Students classifying problems based on surface features need a huge mental library of solved problems to find one that’s sufficiently similar superficially to a given exam problem that the same solution principles also apply, as evidenced by our students’ increasing (on the post-test ) agreement with the novice-like question on the CLASS “If I want to apply a method used for solving one physics problem to another problem, the problems must involve very similar situations.”

Many of the 6000+ references to Chi’s paper expand the list of specific expert-novice differences: experts consider the problem conceptually and from different representations to plan their approach before starting to write equations, classify problems according to deep principles of the domain, have much more interconnected domain knowledge, and are able to retrieve and apply domain-specific models appropriately to unfamiliar problems (this is called strategic knowledge). When solving a problem, experts check that their solution process makes sense as they proceed, and importantly “make sense of” their answer using limiting cases, dimensional analysis, comparison with common sense, similarity to past problems, etc. Novices assume that manipulating the mathematical procedure for obtaining the answer will give a result that is correct without checking the result.

I would emphatically add “making sense of the answer” to the list of our students’ deficiencies. When I ask MIT freshmen how they’ll check their answer to a mechanics problem, they’ll most frequently say “I’d check the algebra.” I know that most physics faculty will acknowledge this deficiency: in our (Pritchard et. al., 2009) study What Else (besides the syllabus) Should Students Learn in Introductory Physics? sense-making was the top choice of the professors, and the second-lowest preference of the students. That’s understandable: students don’t get into good colleges by pausing on question 4 on a high stakes exam to consider ways to check the answer.

Many of my departmental colleagues express a strong desire to help undergraduate students “think like a physicist.” When pressed to be more specific about what this means, they typically say “check that what they do ‘makes sense’,” “organize their knowledge coherently,” “approach problems using concepts rather than algebra.” I suggest that “think like an expert” is a good description of the outcome that most MIT faculty really want for their students.

The list of expert qualities accords well with what we demand of students on our PhD candidacy exam. I find that classifying just one or two student responses to novel questions as novice vs. expert-like enables me to reliably predict whether the committee will pass or fail a student. The NAS study How Students Learn (Chi, Bassok, Lewis, Reimann, & Glaser, 1989)(Bransford, Brown, & Cocking, 2000) summarizes novice-expert differences and is a good place to start learning this valuable perspective.

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David Hestenes (Hestenes, 1987) has convincingly argued that models form the everyday mental tools that most STEM professionals use. The word model appears 12 times in Freeman et. al. and I find it valuable in my professional and teaching life. Models and modeling are central to MIT and explicit in many upper division subjects, especially engineering: we use mathematics to make models of the structure and behavior of some well-specified system.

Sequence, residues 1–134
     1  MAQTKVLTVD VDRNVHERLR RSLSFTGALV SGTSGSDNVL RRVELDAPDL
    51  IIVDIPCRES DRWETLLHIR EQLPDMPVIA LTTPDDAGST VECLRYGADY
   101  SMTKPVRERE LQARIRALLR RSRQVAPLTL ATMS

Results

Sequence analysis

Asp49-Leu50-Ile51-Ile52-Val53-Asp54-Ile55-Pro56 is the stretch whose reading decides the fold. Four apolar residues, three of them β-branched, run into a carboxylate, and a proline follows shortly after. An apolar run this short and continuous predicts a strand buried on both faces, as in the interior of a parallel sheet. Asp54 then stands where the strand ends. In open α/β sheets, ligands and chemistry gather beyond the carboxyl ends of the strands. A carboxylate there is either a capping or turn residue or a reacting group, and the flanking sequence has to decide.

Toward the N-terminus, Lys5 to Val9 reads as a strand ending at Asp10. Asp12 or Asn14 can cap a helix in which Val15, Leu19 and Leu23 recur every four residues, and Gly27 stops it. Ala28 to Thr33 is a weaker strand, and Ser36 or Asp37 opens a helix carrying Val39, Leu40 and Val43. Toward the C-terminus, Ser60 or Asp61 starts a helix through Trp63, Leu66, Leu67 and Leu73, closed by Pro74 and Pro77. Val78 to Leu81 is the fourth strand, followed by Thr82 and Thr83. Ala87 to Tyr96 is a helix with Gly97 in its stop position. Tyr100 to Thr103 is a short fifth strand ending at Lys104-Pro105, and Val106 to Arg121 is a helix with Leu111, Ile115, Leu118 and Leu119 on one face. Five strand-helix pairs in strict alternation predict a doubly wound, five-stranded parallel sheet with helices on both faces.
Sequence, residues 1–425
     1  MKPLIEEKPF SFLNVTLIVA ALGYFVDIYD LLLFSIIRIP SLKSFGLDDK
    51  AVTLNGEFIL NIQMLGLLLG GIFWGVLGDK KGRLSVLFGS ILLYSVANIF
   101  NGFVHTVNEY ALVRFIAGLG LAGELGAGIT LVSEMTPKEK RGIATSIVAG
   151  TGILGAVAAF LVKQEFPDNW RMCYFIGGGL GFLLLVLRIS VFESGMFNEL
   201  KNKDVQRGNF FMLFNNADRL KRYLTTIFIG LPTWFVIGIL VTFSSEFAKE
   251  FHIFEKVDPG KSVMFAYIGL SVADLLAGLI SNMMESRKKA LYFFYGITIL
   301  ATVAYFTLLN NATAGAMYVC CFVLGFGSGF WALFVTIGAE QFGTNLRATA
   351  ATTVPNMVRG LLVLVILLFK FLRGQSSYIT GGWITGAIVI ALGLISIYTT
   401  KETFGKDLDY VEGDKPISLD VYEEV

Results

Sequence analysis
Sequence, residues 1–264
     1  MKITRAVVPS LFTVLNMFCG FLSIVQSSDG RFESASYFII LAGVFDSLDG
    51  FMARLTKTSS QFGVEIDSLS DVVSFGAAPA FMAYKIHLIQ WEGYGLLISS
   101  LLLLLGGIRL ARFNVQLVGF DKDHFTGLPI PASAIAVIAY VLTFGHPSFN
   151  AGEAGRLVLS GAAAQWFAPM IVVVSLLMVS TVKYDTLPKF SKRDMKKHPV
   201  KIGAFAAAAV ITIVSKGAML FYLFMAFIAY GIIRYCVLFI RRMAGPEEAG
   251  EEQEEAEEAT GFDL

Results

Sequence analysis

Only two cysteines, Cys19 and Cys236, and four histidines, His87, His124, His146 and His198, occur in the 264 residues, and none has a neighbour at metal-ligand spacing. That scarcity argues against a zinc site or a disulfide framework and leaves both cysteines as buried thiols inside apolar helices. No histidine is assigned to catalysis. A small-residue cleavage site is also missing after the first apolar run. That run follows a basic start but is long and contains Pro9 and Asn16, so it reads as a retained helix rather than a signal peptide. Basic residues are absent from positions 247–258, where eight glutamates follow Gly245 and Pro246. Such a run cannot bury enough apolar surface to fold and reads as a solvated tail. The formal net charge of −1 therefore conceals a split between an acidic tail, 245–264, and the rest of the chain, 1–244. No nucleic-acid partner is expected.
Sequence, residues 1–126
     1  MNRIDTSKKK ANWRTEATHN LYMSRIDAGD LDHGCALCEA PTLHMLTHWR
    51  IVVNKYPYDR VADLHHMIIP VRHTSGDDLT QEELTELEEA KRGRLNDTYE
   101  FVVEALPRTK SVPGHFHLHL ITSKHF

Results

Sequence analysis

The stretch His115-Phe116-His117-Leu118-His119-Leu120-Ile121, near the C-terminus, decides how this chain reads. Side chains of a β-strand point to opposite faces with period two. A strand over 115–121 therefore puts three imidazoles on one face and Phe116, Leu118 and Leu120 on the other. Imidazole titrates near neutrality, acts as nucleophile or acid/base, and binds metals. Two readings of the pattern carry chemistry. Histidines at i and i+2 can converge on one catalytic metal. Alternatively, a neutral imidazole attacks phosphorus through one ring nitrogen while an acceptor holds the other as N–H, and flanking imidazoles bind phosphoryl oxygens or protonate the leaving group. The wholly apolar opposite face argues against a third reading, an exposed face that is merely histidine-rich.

Yet in most GIRs, we fail to impart knowledge about models explicitly:

  • None of the Science GIR subjects mention “model” – with the exception of 8.02.
  • We recommend textbooks that don’t give a modeling perspective, e.g., the best-selling Young and Freedman (11th edition used in 8.01 & 8.02) mentions “model” briefly in the introduction and not again in the subsequent 1714 pages.
  • We often provide “formula sheets” that list formulae without indicating what role each formula plays in which model (e.g., law of force, constraint, law by which state variables change, . . .), thereby encouraging the belief that “subject X is a pile of formulae” rather than imparting the view that the formulae are only one part of a particular model of reality in that subject.

The result is students who, at the end of introductory subjects, can manipulate the equations, i.e., “run the model” in Freeman et. al. – often without being able to name the model they are applying or knowing its limitations.

For example, in 8.01 the equations F=ma and F = mfriction* m*g are used in the same solution without knowledge of the very limited applicability of the second formula (fails for static friction, assumes that normal force is mg). Expert scientists and engineers are careful to check the applicability of the model as part of their solution process – the types of systems and circumstances under which the model containing these formulae applies, the model’s limitations, and whether its predictions make sense (NAS13).

Hestenes and collaborators have developed a pedagogy called “modeling Instruction” for physics that is explicitly designed to teach the ideas and procedures of modeling reality. In modeling instruction, students are guided to discover the basic models in laboratory, and to apply them to problems – a process called “modeling.” This pedagogy leads to very large improvements of students’ scores on both concept inventories and more problem-oriented tests; high school students start lower but finish higher than students taking traditional introductory courses at selective colleges (Hestenes, Wells, & Swackhamer, 1992). A recent review paper of ~ 50 different introductory physics courses (Madsen, McKagan, & Sayre, 2015) documents another benefit of modeling instruction: it uniformly improves the expertness of students’ learning attitudes as measured by the Colorado Learning Attitudes about Science Survey (CLASS ) – typically by ~ 11%.